AMD Plans To Compete On Price/Performance In Servery

I pretty well wrote off AMD (Advanced Micro Devices) when they utterly failed to develop an ARMed CPU many years ago for the thin client and mobile markets but there’s still some hope. In their latest roadmap, there’s an ARMed CPU for servers…

‘“Seattle” will be the industry’s only 64-bit ARM-based server SoC from a proven server processor supplier.  “Seattle” is an 8- and then 16-core CPU based on the ARM Cortex-A57 core and is expected to run at or greater than 2 GHz.  The “Seattle” processor is expected to offer 2-4X the performance of AMD’s recently announced AMD Opteron X-Series processor with significant improvement in compute-per-watt.  It will deliver 128GB DRAM support, extensive offload engines for better power efficiency and reduced CPU loading, server caliber encryption, and compression and legacy networking including integrated 10GbE.  It will be the first processor from AMD to integrate AMD’s advanced Freedomâ„¢ Fabric for dense compute systems directly onto the chip. AMD plans to sample “Seattle” in the first quarter of 2014 with production in the second half of the year.’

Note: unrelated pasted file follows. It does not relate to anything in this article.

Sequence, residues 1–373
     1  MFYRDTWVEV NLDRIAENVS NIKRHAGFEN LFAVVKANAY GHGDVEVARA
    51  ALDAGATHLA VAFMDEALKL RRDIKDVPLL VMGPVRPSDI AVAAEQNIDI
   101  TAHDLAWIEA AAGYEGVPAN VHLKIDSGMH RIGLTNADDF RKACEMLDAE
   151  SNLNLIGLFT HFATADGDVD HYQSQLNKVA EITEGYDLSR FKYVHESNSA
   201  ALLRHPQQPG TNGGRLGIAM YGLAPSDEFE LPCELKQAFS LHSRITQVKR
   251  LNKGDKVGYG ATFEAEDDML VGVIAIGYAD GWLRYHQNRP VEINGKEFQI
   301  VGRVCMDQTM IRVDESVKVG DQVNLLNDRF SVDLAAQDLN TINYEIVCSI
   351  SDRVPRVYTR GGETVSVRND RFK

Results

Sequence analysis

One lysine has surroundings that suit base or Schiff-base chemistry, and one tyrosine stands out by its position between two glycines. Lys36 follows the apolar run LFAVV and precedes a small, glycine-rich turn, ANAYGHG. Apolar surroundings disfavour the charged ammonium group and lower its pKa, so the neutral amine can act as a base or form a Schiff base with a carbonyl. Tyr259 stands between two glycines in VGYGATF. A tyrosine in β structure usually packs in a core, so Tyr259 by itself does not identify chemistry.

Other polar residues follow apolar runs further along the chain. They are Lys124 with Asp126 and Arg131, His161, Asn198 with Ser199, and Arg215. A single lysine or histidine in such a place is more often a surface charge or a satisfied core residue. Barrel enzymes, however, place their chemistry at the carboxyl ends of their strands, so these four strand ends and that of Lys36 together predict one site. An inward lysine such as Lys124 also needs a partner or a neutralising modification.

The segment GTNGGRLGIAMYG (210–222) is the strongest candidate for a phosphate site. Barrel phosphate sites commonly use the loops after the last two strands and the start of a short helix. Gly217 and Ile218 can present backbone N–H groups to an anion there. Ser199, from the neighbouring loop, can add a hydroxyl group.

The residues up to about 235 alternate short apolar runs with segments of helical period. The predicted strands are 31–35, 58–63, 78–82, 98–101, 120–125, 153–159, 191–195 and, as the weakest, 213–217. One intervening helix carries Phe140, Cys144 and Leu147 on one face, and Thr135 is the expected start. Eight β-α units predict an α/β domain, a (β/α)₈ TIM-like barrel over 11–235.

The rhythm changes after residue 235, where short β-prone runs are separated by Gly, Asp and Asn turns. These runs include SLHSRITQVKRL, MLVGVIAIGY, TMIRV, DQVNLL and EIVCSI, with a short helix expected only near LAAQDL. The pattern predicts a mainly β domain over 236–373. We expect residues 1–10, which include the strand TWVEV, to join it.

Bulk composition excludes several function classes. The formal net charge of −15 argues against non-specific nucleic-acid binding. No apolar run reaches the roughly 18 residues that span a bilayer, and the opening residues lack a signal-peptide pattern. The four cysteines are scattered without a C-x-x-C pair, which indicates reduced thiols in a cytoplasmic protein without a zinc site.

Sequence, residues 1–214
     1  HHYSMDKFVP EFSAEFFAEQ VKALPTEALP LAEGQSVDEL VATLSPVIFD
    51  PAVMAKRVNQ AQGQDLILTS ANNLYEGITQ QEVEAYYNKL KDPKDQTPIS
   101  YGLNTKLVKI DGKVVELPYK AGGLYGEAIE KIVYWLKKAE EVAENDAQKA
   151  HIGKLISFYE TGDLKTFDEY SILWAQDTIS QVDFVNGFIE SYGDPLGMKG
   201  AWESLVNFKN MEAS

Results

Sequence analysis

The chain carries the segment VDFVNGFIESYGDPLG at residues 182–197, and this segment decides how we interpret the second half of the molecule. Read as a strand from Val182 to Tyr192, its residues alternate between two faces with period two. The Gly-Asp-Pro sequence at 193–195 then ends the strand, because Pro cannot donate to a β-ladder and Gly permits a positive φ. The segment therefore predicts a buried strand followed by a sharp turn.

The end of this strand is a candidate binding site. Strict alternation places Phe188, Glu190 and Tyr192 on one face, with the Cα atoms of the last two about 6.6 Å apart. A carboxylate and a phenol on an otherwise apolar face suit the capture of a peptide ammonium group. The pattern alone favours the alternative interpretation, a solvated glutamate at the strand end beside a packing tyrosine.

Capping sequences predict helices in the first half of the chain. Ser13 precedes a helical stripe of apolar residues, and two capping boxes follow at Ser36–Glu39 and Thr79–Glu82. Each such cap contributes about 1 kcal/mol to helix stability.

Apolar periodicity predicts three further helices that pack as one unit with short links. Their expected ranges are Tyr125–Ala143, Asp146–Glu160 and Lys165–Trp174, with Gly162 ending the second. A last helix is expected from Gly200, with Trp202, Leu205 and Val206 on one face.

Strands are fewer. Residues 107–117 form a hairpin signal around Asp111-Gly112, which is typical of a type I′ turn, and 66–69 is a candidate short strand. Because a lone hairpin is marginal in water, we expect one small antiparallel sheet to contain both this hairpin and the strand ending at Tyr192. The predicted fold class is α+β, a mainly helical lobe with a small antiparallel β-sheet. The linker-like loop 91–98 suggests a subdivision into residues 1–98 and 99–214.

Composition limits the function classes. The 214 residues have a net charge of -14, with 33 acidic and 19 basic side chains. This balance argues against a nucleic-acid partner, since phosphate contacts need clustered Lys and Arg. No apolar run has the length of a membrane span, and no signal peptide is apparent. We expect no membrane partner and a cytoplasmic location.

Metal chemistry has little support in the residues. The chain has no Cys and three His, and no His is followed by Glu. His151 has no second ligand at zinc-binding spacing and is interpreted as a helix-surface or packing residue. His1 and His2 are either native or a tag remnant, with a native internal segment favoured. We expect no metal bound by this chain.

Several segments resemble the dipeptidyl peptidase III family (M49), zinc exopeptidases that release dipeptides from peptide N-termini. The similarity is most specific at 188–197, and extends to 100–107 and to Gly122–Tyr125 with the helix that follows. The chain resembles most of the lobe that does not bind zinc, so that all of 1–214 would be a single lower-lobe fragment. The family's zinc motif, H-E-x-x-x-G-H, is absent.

see AMD Unveils Server Strategy and Roadmap

If this is on par with their introduction of 64-bit computing in 2004 as AMD predicted in 2010, AMD may truly remain relevant on servers and small cheap computers of all kinds.

About Robert Pogson

I am a retired teacher in Canada. I taught in the subject areas where I have worked for almost forty years: maths, physics, chemistry and computers. I love hunting, fishing, picking berries and mushrooms, too.
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One Response to AMD Plans To Compete On Price/Performance In Servery

  1. ram says:

    Still, there are no new motherboards with AMD processors presently available that run Linux. Obviously the AMD views the Linux community as unimportant and thinks there future is in Microsoft video games.

    I think it is too late for AMD. Rapidly declining sales doesn’t help research and development efforts. Nor does a level of debt greater than their capitalization. A slight uptick in interest rates and they are gone.

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